GREENBELT, Md. -- A NASA team is developing a transparent coating that mimics the self-cleaning properties of the lotus plant to prevent dirt from sticking to the surfaces of spaceflight gear and bacteria from growing inside astronaut living quarters.
Materials engineers at NASA's Goddard Space Flight Center in Greenbelt, Md., are working to develop a "lotus" coating that can survive the harsh space environment and minimize contaminants from adhering to the surfaces of radiators, spacesuits, scientific instruments, robotic rovers, solar array panels, windows and other hardware used to gather scientific data or carry out exploratory activities during missions.
The technology, which was inspired by the lotus plant that lives along muddy waterways in Asia, was commercially developed as a coating for windows to reduce the need for cleaning. Although a lotus leaf appears smooth, under a microscope, its surface actually contains innumerable tiny spikes. These spikes greatly reduce the area on which water and dirt can attach, preventing them from adhering strongly to the leaf. Water droplets literally roll off, taking mud, tiny insects, and contaminants with them.
The coating, made primarily from silica, zinc oxide, and other oxides, offers countless commercial applications on Earth. It also offers great potential for use in space, particularly on landed missions to Mars or the moon where dust can accumulate on rovers and prevent them from carrying out their missions. Understanding the potential, Northrop Grumman Electronics Systems, Linthicum, Md., teamed with nGimat Corporation, based in Atlanta, Ga., to find more applications for the coating technology, ultimately turning to Goddard for its expertise in making equipment ready to endure the harsh space environment.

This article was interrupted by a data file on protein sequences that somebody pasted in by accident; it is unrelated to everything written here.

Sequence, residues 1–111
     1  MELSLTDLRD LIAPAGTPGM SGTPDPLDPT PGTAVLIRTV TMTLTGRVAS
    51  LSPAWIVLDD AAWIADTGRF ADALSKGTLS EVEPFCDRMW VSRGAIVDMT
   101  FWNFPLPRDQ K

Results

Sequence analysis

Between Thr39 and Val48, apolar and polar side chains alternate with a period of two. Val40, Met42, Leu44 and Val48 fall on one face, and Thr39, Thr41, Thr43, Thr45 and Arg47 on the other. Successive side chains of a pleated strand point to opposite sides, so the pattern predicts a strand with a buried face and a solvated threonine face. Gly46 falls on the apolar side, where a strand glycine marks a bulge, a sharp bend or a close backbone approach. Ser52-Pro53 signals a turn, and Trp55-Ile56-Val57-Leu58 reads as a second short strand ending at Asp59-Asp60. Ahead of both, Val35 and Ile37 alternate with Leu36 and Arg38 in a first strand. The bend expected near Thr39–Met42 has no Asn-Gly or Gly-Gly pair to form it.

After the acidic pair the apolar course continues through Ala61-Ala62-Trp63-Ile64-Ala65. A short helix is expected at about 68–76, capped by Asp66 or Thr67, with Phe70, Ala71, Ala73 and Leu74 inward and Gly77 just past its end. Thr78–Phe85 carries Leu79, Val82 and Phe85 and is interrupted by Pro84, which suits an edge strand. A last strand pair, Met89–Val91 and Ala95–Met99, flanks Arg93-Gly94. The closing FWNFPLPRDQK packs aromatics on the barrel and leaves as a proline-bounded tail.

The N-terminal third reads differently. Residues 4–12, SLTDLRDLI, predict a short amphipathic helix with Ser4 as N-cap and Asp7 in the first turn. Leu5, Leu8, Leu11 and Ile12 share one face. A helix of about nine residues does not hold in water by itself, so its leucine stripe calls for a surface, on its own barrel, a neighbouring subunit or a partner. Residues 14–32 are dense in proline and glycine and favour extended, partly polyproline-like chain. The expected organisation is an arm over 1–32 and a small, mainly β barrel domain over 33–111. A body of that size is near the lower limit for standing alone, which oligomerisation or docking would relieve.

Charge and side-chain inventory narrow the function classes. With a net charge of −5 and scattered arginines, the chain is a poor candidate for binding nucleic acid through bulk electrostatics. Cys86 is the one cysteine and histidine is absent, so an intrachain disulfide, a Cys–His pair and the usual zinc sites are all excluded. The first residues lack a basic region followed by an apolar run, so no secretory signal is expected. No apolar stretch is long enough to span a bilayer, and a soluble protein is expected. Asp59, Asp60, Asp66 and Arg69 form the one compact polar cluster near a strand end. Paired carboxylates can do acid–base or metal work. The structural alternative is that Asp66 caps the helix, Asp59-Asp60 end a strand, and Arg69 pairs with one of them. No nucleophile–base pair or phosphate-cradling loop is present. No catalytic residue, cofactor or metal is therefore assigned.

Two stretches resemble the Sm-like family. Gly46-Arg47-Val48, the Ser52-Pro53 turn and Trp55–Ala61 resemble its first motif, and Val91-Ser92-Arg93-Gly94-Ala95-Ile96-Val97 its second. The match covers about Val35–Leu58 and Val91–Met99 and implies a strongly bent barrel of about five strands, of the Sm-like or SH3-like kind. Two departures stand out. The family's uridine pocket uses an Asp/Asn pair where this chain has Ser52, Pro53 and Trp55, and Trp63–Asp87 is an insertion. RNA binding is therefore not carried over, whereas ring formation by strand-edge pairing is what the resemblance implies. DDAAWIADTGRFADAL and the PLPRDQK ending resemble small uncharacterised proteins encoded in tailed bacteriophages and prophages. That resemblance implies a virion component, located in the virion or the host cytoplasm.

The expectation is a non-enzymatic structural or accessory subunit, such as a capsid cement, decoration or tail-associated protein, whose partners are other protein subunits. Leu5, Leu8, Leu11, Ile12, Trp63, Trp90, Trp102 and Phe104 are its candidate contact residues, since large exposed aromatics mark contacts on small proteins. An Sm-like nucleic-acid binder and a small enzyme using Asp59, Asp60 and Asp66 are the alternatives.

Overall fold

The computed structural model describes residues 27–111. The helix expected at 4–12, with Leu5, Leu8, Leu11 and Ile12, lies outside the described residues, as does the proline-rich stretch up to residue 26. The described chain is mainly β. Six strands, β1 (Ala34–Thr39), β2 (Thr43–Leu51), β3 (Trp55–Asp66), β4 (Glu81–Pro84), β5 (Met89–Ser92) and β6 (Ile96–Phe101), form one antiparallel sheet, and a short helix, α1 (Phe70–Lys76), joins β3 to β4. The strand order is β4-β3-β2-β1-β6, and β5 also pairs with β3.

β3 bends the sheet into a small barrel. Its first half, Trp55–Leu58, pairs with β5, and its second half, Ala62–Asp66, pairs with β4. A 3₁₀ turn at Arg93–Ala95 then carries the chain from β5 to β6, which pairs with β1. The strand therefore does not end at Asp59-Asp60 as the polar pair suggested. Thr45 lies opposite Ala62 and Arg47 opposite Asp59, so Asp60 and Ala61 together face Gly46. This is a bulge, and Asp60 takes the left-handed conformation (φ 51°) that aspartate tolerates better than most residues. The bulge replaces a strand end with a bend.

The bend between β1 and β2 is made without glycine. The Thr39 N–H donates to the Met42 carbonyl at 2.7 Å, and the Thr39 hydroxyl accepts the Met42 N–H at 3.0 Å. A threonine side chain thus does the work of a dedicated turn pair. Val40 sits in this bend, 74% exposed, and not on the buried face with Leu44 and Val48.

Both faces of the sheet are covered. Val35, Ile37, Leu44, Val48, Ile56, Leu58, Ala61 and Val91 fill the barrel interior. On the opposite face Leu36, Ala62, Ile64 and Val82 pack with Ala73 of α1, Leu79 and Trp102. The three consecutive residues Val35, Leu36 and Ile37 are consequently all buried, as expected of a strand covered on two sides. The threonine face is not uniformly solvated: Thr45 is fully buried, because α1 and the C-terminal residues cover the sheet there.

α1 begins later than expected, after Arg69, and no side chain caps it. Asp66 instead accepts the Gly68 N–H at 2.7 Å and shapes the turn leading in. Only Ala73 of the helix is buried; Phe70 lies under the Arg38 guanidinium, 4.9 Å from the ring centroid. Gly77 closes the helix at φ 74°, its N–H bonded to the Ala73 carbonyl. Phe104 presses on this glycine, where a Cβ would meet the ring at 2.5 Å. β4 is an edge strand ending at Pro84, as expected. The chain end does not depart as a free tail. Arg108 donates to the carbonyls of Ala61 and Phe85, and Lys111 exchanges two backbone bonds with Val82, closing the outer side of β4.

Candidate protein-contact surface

"Indeed, the ability to replicate these properties could prove invaluable to NASA," said Wanda Peters, Principal Investigator for NASA's lotus coating research.
During the Apollo moonwalks, for example, such a technology could have prevented the highly abrasive lunar dust from adhering to astronauts' spacesuits. "However, the coating as it was originally formulated will not be able to withstand the harsh environmental conditions found in space," Peters said.
The Goddard team has experimented with and tested different formulas to determine their suitability for spaceflight. "No one formula will meet all our needs," added Peters. "For example, the coating that's applied to spacesuits needs to stick to a flexible surface, while a coating developed to protect moving parts needs to be exceptionally durable to resist wear and tear."
The Goddard team has met with exploration systems engineers at NASA's Johnson Spaceflight Center, Houston, Texas, to demonstrate the modified coatings and get mission requirements.
The team also is trying to partner with Northrop Grumman to add biocide capabilities that would kill bacteria, which thrive and produce foul odors wherever people are confined to a small space for long periods, like the space station. NASA could apply the same biocide-infused coating on a planetary lander to prevent Earth-borne bacteria from adhering and potentially contaminating the surface of an extraterrestrial object. The team believes this version of the coating may have commercial interest to hospitals as well.
"We are modifying and testing the formula to ensure it can withstand all the challenges our hardware will encounter extreme temperatures, ultraviolet radiation, solar wind, and electrostatic charging. Outgassing of the coating also must be addressed for use inside astronauts' habitation areas," Peters added. "We also are making sure it remains durable and cleanable in the space environment."
"We have a great team," said Peters. "Goddard is the only NASA center researching this type of coating, and we believe continued research will deliver great benefits to NASA's exploration missions and will produce many positive applications outside NASA."
|Contact: Bill Steigerwald|
NASA/Goddard Space Flight Center